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The Office for Civil Rights has recently reminded covered entities and their business associates to be alert to risks that can be introduced by using third party software applications.
While covered entities and business associates may be aware that operating system software patches need to be installed promptly, the same is true for all third party software applications.
OCR cites recent research that indicates only one in five companies has performed verification on third party software and applications, even though a majority of companies use third party software. Many organizations fail to apply patches promptly and allow known vulnerabilities to remain unpatched.
Updates are frequently issued for third party applications such as Adobe Acrobat, Adobe Flash, and Oracle JRE. Many of the zero day vulnerabilities in these software applications are actively exploited by the time patches are released. A failure to update these applications promptly could place healthcare computer networks at risk of attack. All covered entities must therefore ensure that all third party software is covered in their patch management policies and procedures.
OCR advises all covered entities and business associates to thoroughly test all software prior to installation to ensure that corporate and HIPAA security standards are met. Tests should also be conducted to determine how vulnerable computer systems are to flaws in third party software applications, and action should be taken to mitigate those risks.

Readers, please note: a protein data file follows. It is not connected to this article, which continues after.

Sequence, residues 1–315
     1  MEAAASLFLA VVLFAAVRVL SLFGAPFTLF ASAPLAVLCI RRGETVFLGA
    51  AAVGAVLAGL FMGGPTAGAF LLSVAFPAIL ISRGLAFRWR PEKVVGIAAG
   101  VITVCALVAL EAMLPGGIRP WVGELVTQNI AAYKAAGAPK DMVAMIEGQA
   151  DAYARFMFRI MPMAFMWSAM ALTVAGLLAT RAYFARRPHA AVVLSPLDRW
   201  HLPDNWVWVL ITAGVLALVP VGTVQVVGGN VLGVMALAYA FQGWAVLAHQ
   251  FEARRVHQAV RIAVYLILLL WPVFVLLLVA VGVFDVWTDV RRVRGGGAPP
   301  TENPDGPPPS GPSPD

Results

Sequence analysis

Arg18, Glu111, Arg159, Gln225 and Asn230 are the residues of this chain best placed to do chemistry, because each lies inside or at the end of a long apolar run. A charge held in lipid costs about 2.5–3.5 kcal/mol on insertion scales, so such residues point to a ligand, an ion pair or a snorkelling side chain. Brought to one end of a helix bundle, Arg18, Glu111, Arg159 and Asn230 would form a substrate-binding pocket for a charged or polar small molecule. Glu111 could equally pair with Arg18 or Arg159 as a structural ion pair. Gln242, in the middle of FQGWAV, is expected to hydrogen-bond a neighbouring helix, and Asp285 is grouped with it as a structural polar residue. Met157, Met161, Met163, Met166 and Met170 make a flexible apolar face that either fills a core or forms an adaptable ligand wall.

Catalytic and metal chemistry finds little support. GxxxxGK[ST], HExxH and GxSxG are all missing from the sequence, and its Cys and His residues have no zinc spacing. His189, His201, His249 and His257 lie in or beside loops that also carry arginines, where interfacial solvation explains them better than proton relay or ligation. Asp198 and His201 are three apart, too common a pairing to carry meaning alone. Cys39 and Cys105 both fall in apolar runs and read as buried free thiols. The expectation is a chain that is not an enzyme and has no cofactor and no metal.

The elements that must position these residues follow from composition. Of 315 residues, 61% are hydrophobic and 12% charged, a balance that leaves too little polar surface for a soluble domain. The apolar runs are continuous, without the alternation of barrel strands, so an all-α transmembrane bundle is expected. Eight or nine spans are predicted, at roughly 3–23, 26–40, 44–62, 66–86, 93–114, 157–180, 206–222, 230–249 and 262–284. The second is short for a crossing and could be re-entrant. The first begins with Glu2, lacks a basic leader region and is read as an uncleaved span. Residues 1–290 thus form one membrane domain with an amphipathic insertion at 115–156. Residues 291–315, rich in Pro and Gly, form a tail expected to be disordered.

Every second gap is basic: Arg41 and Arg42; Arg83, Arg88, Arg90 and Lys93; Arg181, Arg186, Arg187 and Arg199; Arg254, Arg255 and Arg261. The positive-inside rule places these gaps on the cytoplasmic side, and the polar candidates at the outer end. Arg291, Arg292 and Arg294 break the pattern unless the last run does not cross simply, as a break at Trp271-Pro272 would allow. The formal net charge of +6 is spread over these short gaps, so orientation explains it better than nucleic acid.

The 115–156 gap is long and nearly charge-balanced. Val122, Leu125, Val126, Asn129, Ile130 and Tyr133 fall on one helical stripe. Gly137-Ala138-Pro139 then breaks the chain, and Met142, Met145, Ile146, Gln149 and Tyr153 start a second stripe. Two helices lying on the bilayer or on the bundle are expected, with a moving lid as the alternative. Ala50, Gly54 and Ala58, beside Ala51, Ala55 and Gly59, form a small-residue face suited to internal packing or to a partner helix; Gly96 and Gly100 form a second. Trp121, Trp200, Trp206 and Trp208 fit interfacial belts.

Comprehensive security testing should highlight vulnerabilities that could potentially place ePHI at risk, although this is not a one-off procedure on a HIPAA-compliance checklist. In addition to testing software prior to installation, regular checks should be conducted to test for vulnerabilities that may have been inadvertently introduced.
Patch management policies must be developed to include all computer systems and third party applications; however, simply applying a patch does not guarantee that systems will be made secure. Patches are released to address known vulnerabilities, but applying a patch may result in new risks to data security being introduced. Healthcare IT departments must therefore assess each patch prior to deployment to determine whether new risks are likely to be introduced by applying a patch.
Covered entities are advised to work closely with their business associates and provide assistance to ensure that security assessments on third party software applications are performed. It is essential that a covered entity’s stringent data security standards are adopted by their business associates. Vulnerabilities in business associates’ systems could all too easily lead to a breach of ePHI.
OCR also points out that care should be taken to ensure that end user license agreements (EULAs) are checked thoroughly. Software developers usually stipulate how their software must be used. If these restrictions are ignored, it may allow risks to be introduced. This could not only result in ePHI being compromised, it may also prevent covered entities from suing software developers for damages in the event of a data breach.
The United States Computer Emergency Readiness Team (US-CERT) issues updates on critical security vulnerabilities and provides information on the latest third party software patches as they are released. Covered entities should check the US-CERT website frequently to keep abreast of the latest threats and to find out about new software patches.